Biology Reference
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Cell movement requires cycles of polymerization and depolymerization of
actin. These are regulated by Rho family GTPases, which relay signals (both
endogenous or exogenous) to the actin polymerizing machinery of the cell, in
particular the Arp2/3 complex (Machesky and Gould, 1999). Activation of
Arp2/3 induces polymerization of new actin filaments adjacent to the plasma
membrane, usually at the leading edge. These new actin filaments push the
membrane forwards and determine the direction of cell locomotion.
Our understanding of cell motility has developed rapidly within the last
decade. The discovery and characterization of the actin nucleating machinery
of the cell, including the Arp2/3 complex and its regulators, has been a
particularly important advance.
The Arp2/3 complex and WASp family proteins
In living cells, the Arp2/3 complex is the major factor responsible for de novo
actin nucleation. From its initial purification and characterization (Machesky
et al., 1994; Mullins et al., 1997), to its connection first with Listeria motility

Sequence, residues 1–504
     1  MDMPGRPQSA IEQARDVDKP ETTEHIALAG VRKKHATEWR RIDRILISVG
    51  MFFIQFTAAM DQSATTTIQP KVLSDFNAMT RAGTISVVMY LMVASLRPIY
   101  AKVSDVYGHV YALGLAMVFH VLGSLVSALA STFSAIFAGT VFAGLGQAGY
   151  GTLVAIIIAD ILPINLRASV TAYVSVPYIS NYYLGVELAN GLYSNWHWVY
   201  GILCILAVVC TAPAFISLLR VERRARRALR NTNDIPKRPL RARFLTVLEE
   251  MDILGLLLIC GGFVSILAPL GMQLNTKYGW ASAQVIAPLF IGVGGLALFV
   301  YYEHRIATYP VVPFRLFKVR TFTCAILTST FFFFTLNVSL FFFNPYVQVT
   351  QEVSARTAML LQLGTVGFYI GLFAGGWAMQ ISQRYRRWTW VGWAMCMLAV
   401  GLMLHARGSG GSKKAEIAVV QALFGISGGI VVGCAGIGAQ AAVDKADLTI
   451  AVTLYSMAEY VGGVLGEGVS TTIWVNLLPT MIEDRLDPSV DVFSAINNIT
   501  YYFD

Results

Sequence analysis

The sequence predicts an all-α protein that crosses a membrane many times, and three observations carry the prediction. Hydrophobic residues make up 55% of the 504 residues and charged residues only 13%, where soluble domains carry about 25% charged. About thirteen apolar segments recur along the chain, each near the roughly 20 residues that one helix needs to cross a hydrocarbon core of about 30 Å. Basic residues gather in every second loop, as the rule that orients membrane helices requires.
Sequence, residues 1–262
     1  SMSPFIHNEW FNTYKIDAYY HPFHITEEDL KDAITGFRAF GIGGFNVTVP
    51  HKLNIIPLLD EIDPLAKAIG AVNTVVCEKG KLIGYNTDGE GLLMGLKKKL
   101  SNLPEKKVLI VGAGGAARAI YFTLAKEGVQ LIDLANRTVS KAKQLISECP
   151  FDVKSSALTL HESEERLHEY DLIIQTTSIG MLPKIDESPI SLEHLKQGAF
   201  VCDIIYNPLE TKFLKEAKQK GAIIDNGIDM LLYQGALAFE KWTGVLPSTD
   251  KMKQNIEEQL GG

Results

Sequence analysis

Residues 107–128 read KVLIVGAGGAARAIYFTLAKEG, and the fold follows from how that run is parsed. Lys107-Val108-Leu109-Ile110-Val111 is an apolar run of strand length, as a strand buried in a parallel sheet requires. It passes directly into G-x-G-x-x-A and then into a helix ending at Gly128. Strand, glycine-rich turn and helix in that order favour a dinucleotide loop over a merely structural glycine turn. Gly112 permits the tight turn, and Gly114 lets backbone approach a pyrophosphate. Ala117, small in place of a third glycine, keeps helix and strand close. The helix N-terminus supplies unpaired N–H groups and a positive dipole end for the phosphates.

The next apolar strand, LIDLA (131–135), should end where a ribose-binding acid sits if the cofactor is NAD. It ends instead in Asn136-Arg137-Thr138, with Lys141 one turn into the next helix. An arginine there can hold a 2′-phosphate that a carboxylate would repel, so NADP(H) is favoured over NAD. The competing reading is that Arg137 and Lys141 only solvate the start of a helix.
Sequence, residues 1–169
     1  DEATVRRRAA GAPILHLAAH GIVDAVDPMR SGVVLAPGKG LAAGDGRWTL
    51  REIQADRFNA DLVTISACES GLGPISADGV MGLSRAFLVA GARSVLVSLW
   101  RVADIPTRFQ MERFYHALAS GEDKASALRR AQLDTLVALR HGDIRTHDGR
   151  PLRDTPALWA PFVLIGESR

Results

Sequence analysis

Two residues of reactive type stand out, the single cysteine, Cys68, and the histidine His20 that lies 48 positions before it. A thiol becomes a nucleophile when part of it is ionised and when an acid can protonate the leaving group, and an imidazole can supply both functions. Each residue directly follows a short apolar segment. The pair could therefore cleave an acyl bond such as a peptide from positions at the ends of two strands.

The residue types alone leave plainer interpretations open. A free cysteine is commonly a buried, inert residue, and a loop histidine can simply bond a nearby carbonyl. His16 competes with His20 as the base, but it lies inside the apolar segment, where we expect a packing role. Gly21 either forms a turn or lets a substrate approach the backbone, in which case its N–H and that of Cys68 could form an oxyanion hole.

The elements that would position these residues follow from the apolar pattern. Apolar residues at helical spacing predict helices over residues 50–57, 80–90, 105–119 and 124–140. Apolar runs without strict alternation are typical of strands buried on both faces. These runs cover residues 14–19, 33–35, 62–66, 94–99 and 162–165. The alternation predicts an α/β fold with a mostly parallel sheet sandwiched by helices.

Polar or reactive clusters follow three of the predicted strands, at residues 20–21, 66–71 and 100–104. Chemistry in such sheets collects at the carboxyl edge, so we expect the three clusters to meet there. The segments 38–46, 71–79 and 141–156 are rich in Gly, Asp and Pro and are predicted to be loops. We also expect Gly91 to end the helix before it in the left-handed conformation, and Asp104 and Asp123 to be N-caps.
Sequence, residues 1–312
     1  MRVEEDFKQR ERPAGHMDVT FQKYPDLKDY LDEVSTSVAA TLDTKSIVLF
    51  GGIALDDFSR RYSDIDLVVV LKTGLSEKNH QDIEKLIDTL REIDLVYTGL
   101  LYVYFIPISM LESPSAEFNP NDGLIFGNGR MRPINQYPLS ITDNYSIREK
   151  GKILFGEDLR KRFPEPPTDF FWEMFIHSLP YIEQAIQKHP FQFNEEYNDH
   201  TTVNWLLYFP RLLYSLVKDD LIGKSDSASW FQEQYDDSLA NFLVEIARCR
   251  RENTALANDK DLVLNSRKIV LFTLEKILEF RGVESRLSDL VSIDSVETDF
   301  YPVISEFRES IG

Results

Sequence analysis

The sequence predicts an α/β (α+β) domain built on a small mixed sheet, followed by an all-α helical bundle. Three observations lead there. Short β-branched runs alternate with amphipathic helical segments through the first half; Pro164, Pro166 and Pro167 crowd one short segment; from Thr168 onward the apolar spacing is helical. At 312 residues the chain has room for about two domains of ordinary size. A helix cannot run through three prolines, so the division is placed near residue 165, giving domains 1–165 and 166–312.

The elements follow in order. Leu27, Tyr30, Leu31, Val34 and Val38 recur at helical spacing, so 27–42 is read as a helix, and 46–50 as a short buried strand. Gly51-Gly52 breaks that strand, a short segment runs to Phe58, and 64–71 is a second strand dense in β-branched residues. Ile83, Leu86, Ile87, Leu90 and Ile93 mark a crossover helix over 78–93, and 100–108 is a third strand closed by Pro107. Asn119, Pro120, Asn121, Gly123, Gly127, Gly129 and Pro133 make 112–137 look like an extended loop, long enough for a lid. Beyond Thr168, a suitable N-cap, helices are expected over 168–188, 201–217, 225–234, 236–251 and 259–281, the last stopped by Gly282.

(Welch et al., 1997) and more recently Rho-family GTPases (Machesky and
Insall, 1998), the Arp2/3 complex has been found to play a pivotal role in actin
assembly. The complex consists of seven proteins: two actin related proteins,
Arp2 and Arp3, a WD repeat protein, p40, and four novel proteins termed
p34, p20, p21 and p16 (Kelleher et al., 1995). The crystal structure of this
complex has now been resolved (Robinson et al., 2001), providing further
insights into the molecular relationships between these subunits.
The rate-determining step for actin polymerization is nucleation, the initial
formation of a small filament. Once a short filament is formed, it extends at a
rapid and largely unregulated rate (Pollard et al., 2000). The Arp2/3 complex
acts as a catalyst for nucleation, and thereby controls the overall rate of actin
polymerization. The two actin related proteins in the complex are thought to
form a dimer similar to an actin dimer, which can act as a stable nucleus for
actin polymerization (Kelleher et al., 1995; Machesky et al., 1994; Mullins et
al., 1997). Arp2/3 alone does not stimulate actin filament production. Rather,
it is activated by a range of accessory proteins when cells are stimulated.
Members of the WASp (Wiskott-Aldrich Syndrome protein) family of
proteins are the best understood Arp2/3 activators. These interact with the
p21 subunit of the complex (Machesky and Insall, 1998), inducing a
conformational change which enables the complex to nucleate actin (Zalevsky
et al., 2001a). WASp family proteins in general are thought to help coordinate
actin reorganization by coupling Rho family GTPases and other upstream
signalling molecules to the activation and mobilization of the Arp2/3 complex
(Machesky and Gould, 1999).
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